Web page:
Summary of Primus Automotive Financial v. Kirby EstatePrimus Automotive Financial Services Canada Ltd. v. Kirkby Estate, 1998 ABQB 347 (CanLII)
Financing statement shows bankrupt’s full name, address and birth date but describes the vehicle with an incorrect serial number. The Trustee rejected the applicant’s claim to the security on the ground that the registration was seriously misleading because of the error. Does this meet the seriously misleading threshold? Yes.
The applicant tried to argue that the serial number was only off with respect to two digits, so it wasn’t a big deal. Court found that it might not be a big deal when numbers are being used to measure quantity, but sometimes digits are used to identify something or someone. In this case, correct serial numbers are critical. The court found that when you are using numbers for the purposes of identification, you need to get them exactly right. Section 48 uses the word “all.” You have to keep the specific serial number rules in mind. Serial numbers are meant only for consumer goods – that is why s. 44(8) (b) says “consumer goods” and doesn’t mention anything else. Thus, if you screw up the serial number for equipment and inventory it doesn’t matter. Because the search using the correct serial number does not disclose the applicant’s financing statement, the error is seriously misleading.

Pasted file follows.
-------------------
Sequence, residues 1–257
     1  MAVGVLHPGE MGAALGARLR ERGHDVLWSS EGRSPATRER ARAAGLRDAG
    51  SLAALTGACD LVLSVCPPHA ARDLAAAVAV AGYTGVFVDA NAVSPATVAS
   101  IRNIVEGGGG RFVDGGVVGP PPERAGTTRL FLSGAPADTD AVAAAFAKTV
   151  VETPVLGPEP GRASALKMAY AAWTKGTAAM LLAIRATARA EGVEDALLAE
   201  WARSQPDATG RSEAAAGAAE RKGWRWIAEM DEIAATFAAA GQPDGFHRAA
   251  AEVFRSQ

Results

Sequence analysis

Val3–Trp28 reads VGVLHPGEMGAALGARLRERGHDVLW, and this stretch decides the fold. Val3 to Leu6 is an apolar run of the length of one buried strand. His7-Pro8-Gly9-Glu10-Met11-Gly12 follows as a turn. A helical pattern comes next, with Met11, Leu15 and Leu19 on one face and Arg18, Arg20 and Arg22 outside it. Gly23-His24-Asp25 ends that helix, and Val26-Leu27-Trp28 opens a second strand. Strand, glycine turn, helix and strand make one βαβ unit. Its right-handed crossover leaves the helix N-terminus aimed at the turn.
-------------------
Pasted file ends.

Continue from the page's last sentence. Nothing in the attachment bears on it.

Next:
Where a serial number is required for the registration description of the interest—for instance, serial-numbered consumer goods—it must be entered into the registry correctly. Failure to do so results in a defect that is seriously misleading to the reasonable person.